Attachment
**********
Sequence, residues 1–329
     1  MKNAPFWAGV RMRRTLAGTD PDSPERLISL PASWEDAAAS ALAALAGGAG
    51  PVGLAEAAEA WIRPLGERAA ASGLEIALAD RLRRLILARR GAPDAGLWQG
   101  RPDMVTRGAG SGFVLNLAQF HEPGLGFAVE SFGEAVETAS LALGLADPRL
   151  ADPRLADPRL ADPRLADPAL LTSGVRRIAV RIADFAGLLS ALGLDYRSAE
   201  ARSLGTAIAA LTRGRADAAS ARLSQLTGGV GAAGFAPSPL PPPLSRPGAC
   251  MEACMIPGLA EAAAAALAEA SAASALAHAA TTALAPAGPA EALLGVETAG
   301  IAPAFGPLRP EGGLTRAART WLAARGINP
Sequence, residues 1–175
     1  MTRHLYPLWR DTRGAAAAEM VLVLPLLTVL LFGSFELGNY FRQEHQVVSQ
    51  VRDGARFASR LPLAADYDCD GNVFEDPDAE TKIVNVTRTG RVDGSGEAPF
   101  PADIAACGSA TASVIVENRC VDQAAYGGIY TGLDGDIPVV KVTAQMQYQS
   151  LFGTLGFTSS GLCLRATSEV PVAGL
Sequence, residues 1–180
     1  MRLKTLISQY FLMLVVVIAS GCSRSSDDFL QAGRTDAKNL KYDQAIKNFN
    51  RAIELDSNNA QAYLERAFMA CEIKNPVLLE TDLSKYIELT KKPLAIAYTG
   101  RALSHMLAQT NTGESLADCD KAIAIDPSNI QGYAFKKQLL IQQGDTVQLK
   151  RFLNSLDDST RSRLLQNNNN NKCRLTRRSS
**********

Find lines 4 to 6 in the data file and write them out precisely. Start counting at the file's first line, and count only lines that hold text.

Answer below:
   101  RPDMVTRGAG SGFVLNLAQF HEPGLGFAVE SFGEAVETAS LALGLADPRL
   151  ADPRLADPRL ADPRLADPAL LTSGVRRIAV RIADFAGLLS ALGLDYRSAE
   201  ARSLGTAIAA LTRGRADAAS ARLSQLTGGV GAAGFAPSPL PPPLSRPGAC